Drawing on Nietzsche, they argue for debt as a regulating mechanism in society. Debt is incurred whenever we benefit from society (always) and the cohesion of society depends on debt's enforcement. The purpose of debt is "to breed man, to mark him in his flesh, to render him capable of alliance, to form him within the debtor-creditor relation..." (190) We cannot confuse debt then with owing money, or with the levying of a fine (though these can be forms of debt). "Far from being an appearance assumed by exchange, debt is the immediate effect or the direct means of the territorial and corporal inscription process." (190) It is not revenge, not ressentiment. (191)

And to a large degree, I think we "know" this to be true--and I mean know in the same way one knows there is a god, for example. If debt operated under exchange, there would be a much smaller prison system. That debt and exchange are fundamentally separate is evinced by the fact that one cannot pay a fine for murder, or, in the opposite direction, that we know it to be unjust for a rich man to be charged some small fine for committing a crime. I suspect that they will soon go on to explain that in a post-savage society such as our own, a society which has passed through and incorporated despotic barbarism, these debts are linked to religion, through the face of the despot (who ruled through his own divine authority). And through capitalism, religious despotism is recoded into new forms of repression (Oedipus, presumably).

Wednesday, March 10, 2010

My new crush

So I'm on to part six of "Beyond Belief," which I plugged earlier, and it consists of a few interesting talks. The first one, Susan Neiman, is my new crush. Some of her comments make sense only with relation to the talk on Spinoza that is in part 5, but it's still intelligible on it's own if you're in a hurry. My particular interest in it is the attention and respect she grants to religious thinkers; if she were a post-structuralist (and she is clearly not) she would surely remind us that all thinking is constrained by some unverifiable belief, but the next best thing is to present a more realistic picture of the size of the divide between religion, categorically, and science. She also takes the time to distinguish between science and the humanities and arts. Also yay Kant.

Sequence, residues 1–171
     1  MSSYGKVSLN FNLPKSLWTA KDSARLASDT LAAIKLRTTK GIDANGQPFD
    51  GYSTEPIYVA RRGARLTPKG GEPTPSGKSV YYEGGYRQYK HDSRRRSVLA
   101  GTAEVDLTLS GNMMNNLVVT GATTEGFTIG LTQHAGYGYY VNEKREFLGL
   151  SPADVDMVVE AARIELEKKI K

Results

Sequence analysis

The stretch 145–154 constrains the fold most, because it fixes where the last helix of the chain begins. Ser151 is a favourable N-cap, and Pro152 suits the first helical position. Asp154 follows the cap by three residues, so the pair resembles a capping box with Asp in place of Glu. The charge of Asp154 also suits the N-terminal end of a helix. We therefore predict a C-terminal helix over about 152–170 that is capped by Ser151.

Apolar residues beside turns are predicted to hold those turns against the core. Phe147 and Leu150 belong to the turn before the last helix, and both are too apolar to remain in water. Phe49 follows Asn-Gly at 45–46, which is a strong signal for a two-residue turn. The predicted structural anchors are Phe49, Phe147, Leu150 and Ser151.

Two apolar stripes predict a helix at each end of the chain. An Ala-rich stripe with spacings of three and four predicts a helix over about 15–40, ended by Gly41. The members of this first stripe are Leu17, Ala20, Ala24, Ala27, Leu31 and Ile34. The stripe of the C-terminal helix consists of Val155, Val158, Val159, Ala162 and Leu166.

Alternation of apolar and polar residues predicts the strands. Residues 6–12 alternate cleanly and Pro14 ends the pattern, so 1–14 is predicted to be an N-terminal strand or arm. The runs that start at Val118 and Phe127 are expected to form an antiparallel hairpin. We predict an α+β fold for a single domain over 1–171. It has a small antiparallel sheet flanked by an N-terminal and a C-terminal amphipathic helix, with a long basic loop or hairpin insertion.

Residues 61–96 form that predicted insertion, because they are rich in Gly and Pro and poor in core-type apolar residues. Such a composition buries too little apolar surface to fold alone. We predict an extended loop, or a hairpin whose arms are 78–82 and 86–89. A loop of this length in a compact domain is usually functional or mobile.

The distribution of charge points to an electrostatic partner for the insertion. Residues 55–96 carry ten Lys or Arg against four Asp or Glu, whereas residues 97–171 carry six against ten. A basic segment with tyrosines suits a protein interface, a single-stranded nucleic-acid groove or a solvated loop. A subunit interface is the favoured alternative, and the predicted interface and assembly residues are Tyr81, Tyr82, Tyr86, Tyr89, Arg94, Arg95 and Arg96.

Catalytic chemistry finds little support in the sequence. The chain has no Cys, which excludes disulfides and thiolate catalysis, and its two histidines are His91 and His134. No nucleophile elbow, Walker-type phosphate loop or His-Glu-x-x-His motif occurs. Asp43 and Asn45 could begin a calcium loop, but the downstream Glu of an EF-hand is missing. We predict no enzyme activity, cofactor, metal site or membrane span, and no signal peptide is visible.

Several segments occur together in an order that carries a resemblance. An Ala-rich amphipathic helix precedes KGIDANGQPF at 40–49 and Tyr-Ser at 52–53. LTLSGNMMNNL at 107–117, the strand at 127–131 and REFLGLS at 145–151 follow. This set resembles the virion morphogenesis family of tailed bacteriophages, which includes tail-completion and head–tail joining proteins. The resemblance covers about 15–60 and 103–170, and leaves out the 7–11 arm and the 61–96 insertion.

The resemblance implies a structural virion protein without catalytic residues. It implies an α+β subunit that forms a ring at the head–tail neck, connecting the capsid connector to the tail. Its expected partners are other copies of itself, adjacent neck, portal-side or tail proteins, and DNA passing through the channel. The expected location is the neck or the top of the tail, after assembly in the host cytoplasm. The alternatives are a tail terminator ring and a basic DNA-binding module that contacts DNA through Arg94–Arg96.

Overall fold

Monday, March 8, 2010

Komen after your cash.

Dear Reader,

I've joined a walking team for the Susan G. Komen 3-day walk for the cure, and I'm looking to raise some money to fight breast cancer. Please follow the link below and donate if you can, and pass on the URL to anyone you think might be willing and able to give a little.



Thursday, March 4, 2010

Current events.

It's almost rhythmic, the frequency with which public, polemical homophobes expose themselves as hypocrites. The most recent in this surely endless stream of bigots is a politician who was caught drunkenly driving away form a gay club with another man in my lovely hometown of Sacramento. The narrative is so well established that even moderates have begun to suspect that most outspoken bigots are compensating for their own self-loathing, that they are closet cases.

And there is something appealing about that story, about the source of extreme bigotry being in fact bigotry itself; there is something human about these angry rabble-rousers being the the primary target of their own hatred. It quite neatly gives some meaning to their hatred--they are expressing their own fear of who they are in a society that makes of them something vile--and it allows us to sympathize with and humanize our enemies. Indeed, they may not even know what they do, so deeply can we suppress our unwanted desires.

And perhaps it's true, perhaps it isn't. Clearly it explains some people well enough, and we do well to temper our condemnation of their hatred with sympathy for their situation; after all they more than anyone know how much they are despised by the bigoted for their sexual orientation.

What troubles me is the kind of moral outrage and mockery that accompanies these outings. And I'm concerned not on righteous or ethical grounds, but on pragmatic grounds. What concerns me is how these sorts of events are constituted as wrong. The wrong here, unambiguously, is the rhetoric that brought these individuals into the public arena to begin with. What they have done wrong is established a career as hatemongers and bigots; they have garnered support with homophobia as their platform, and they have incited others to the same violent sort of hatred they themselves have practiced.

What they have not done wrong--from the standpoint of ethical imperatives--is sleep with another man, or hook up in an airport bathroom, or frequent a gay club. Too often these stories focus on the homosexual act itself, which in fact we ought to applaud these repressed, fearful men for committing. Of course, there is the problem of marriage infidelity--and that is a serious problem--but even this issue tends to take a backseat in the press to the homosexual act.